It’s also difficult to raise prices in the UK to reflect the strength of the dollar because there is a cost of living crisis and concerns over a possible recession. With inflation the highest it’s been in 40 years, raising prices on IT equipment may only add fuel to the fire. Not forgetting the supply chain problems that are leading to delays in the delivery of equipment. If products are delayed for any great length of time, could the currency fluctuations during the period between placing the order and delivery affect the final pricing – and not in a good way?
Michael O’Hara, managing director at DataSolutions, accepts that the dollar will stay at the same level for the foreseeable future, at least until the end of the year. Currency is only one of a number of factors, however, including high inflation, rising interest rates, the huge rise in energy costs, the war in Ukraine, ongoing supply chain issues, Covid-19 and the shortage of tech talent.
On the positive side, he points out that the stronger dollar makes products more expensive but it also reduces the US vendor overheads in the UK and Europe because their payroll, rents, marketing activities, PR and travel are all cheaper than they were six months ago.
He believes vendors “will play their part because they understand the market position and the challenges the stronger dollar has, particularly in recessionary times”. Where necessary, for larger or more strategic deals, they will fix their pricing and absorb the FX fluctuations to help close these deals.
Rob Hicking, CFO at Jigsaw24, says vendors will be under pressure to increase prices in UK and European markets because they sell and price in dollars, but they need to try to strike a balance between competitive pricing and retaining margin. “Ultimately, market-leading vendors with the strongest propositions will be best placed to maintain margin,” he adds.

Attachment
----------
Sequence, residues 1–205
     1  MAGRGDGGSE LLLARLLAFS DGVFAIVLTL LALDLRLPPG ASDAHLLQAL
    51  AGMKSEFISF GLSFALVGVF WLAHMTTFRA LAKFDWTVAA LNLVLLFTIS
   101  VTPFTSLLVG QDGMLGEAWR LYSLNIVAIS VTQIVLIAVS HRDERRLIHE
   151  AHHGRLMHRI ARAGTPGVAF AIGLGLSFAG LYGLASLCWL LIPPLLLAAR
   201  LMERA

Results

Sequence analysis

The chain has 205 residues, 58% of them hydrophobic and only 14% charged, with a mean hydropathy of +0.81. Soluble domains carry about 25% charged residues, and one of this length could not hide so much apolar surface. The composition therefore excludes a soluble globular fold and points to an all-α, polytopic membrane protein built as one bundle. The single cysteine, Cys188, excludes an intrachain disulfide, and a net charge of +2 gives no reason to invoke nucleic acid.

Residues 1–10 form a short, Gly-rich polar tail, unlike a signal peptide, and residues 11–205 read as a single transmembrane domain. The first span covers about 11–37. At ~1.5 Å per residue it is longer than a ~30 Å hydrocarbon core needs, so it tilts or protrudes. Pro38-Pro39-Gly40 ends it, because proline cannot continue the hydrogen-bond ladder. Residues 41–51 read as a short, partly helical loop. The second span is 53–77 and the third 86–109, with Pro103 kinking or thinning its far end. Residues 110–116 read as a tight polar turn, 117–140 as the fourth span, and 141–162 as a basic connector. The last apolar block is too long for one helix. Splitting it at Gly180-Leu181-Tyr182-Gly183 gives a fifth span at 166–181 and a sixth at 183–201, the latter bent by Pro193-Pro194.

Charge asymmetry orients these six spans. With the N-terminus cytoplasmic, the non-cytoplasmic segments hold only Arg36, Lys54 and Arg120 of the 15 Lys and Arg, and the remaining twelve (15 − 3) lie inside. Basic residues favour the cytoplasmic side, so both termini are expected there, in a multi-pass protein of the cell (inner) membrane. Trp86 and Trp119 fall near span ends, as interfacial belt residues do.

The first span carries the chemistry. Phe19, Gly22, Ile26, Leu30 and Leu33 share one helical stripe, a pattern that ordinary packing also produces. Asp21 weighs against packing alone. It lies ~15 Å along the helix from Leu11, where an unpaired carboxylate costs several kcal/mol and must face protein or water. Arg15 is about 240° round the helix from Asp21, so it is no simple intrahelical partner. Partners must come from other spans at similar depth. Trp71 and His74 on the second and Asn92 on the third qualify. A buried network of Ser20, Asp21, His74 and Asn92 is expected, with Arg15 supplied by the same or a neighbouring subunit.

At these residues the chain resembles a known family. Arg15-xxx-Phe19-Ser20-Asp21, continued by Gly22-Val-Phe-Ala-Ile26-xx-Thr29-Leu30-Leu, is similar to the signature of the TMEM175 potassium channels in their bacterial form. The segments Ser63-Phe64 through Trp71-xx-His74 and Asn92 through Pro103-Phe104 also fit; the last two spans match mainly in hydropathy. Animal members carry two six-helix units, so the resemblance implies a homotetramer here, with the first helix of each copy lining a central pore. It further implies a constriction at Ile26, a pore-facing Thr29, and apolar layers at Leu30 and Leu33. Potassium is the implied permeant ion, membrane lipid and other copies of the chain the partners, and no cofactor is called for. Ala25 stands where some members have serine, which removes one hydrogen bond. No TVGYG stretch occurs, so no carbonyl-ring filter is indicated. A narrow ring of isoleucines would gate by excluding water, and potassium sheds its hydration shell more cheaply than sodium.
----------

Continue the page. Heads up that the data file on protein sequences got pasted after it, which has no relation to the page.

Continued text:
Margins are always tight in the channel so price increases are invariably pushed through to resellers and customers. “Ultimately, this is one of the dynamics pushing inflation more broadly in the UK in multiple sectors,” says Hicking. To keep a sustainable channel, partners will need to work with vendors to help understand the local challenges and opportunities – and respond accordingly.
For example, they might want to focus on volume as well as value, develop an understanding of market positioning and other (non-price) competitive advantages, and consider selling in dollars to match the buying currency, where customers and markets allow. He accepts that the latter measure is often only an option with larger, international businesses.
Clive Hailstone, managing director at Comstor UK&I, believes one of the best ways for vendors to mitigate the effect of the strengthening dollar “is to not expose themselves to any more risk”. Vendors can’t control the financial market and it’s not their job to play the money game. “Instead,” he says, “it’s about removing as much risk as they can and communicating changes as and when they occur. It’s crucial to be open and honest in these scenarios.”
Hailstone suggests that one way to do this is to focus more resource on software rather than hardware. “We’ve seen the impact that supply chain issues have had on businesses, which, combined with a strengthening dollar, is a recipe for disaster. By removing as many external risks as is feasible, vendors can continue to do what they’re good at and offer strong value-based solutions,” he says.
Difficulties in distribution
What about distributors, the companies caught in the middle of these currency headwinds? “It’s a distributor’s job to manage price changes and communicate them,” says Hailstone. “First things first, correct your contract price figures and any marketed content that is out of date. Then communicate any changes with your partners. Explain any differences and make sure they can, in turn, communicate those to end customers.”
Distributors are used to dealing with currency fluctuations, argues Greg Roche, UK finance director at Nuvias Group. “We invest in a currency management process, in terms of our resources, that puts us in the strongest position to minimise our partners’ exposure to volatility and to give them time to make concerted choices,” he says. “While we cannot prevent currency fluctuations and vendor-led price increases, we can create conditions that help our partners navigate these challenges.”